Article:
I started with split hardwoods, with some chunks of water soaked apple. While the main fire was started and I was letting it burn down some, I patted dry my steaks and then liberally rubbed in my own blend of seasonings. I love Lawry’s Seasoning salt… so that’s part of it, then a blend of garlic powder, onion powder, black pepper and chili powder. Then I let the steak rest, covered while things burn down. When the flames aren’t kicking up past my grate, I liberally coat my grate with oil. I do this, because if I don’t, it’ll rust, just like cast iron and the food will stick to it… so I put the oil on, add the soaked apple wood and wait for it to smoke.
Then it’s time to put the steak on. Oh man, I throw it right over the hottest part of the fire till the outside is seared, then I flip it. I know this is kind of redundant because everybody knows how to grill, but this is my story and I’ll tell it like I want to! So I sear both sides, then I slide the grate off the hottest part of the fire and find the coolest portion. I finish cooking the steak there until its cooked on the outside, pink and moist on the inside. The seasonings and wood smoke make me wish I didn’t have to come home, where it’s been raining.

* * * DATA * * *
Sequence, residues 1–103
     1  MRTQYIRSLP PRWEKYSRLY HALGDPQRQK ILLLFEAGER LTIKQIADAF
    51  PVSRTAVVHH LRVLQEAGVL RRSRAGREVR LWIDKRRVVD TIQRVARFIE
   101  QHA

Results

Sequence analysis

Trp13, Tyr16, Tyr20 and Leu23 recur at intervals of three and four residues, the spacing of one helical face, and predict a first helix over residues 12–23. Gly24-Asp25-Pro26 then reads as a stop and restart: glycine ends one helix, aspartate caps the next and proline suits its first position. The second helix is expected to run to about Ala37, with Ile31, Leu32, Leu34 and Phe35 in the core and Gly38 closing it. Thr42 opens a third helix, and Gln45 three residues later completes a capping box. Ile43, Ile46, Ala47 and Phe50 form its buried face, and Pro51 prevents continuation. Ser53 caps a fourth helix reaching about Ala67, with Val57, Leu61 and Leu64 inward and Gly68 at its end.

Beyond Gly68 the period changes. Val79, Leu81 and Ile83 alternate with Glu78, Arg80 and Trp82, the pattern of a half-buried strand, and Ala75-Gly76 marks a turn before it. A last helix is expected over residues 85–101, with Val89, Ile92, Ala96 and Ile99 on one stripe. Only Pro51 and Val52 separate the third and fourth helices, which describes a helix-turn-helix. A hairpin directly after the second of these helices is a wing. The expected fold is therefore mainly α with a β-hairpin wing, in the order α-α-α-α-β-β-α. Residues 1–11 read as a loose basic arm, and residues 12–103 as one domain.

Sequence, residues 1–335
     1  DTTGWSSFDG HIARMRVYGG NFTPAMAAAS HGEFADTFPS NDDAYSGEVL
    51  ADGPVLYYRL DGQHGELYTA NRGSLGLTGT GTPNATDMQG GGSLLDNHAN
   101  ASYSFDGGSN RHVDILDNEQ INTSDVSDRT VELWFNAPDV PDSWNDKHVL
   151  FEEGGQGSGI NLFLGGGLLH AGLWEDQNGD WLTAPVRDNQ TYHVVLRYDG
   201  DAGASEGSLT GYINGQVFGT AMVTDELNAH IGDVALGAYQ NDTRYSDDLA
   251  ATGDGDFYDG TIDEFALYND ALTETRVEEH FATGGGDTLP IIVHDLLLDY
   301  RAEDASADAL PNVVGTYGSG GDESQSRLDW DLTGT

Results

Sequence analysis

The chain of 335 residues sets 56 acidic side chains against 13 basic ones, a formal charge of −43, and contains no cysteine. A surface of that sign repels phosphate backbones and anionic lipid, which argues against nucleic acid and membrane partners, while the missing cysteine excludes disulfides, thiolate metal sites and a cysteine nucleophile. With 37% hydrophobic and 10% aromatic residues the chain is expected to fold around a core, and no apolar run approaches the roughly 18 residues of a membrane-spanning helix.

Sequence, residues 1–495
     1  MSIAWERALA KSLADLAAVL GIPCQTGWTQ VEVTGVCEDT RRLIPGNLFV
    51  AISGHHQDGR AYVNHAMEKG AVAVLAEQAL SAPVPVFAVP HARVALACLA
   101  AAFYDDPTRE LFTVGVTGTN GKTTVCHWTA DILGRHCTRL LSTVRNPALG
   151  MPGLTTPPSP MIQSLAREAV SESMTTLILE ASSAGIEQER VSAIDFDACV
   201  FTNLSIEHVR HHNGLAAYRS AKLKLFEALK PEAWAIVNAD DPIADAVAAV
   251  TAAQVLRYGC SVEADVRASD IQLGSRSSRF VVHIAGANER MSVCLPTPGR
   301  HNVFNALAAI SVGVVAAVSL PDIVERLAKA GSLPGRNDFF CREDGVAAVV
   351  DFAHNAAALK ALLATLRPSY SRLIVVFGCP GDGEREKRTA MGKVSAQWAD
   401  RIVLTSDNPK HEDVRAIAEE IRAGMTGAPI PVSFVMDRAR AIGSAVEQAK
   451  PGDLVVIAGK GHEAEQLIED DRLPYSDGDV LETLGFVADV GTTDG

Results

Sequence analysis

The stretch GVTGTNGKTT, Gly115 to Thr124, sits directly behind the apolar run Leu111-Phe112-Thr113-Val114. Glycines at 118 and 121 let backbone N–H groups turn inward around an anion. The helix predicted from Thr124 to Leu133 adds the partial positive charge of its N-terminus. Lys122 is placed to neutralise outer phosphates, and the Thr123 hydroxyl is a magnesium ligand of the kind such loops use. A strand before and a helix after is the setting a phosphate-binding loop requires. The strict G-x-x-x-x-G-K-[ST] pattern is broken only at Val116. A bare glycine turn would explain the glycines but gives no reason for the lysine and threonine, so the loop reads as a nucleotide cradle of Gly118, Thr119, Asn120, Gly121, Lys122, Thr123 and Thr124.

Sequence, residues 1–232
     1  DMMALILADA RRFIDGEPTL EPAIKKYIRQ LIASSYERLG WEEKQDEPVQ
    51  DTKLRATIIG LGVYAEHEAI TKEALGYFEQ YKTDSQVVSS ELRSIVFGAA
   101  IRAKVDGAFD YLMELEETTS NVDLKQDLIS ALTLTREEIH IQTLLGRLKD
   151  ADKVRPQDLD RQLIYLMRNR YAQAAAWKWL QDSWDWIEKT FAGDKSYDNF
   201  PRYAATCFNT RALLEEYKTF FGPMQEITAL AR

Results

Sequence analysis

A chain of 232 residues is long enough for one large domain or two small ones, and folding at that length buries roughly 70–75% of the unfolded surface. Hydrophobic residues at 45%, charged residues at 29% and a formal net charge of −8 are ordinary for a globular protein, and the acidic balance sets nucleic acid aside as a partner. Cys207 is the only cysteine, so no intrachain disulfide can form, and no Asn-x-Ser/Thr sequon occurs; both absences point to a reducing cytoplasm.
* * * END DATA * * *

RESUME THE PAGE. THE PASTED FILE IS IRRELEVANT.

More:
Now, this same grate has also done the same job as a grill, in as far as grilling burgers, dogs, warming the buns, making grilled cheese sandwiches… to actually using a cast iron skillet on it, cooking bacon. Let me tell you… you don’t want to be outside, cooking over a wood fire, sizzling bacon in your under britches. Gives a flare up new meaning, if you know what I mean.
Cooking over a wood fire takes experimentation. Raise the cooking height, lower it… move the food around, move the wood around (without coating food in ashes), how much wood to put for where… how much smoke you want… but just like grilling with charcoal, it’s an awesome experience and it’s results are mouth watering. Getting good at it now will save you trouble and heartache later, should you ever have to know how to do this to survive.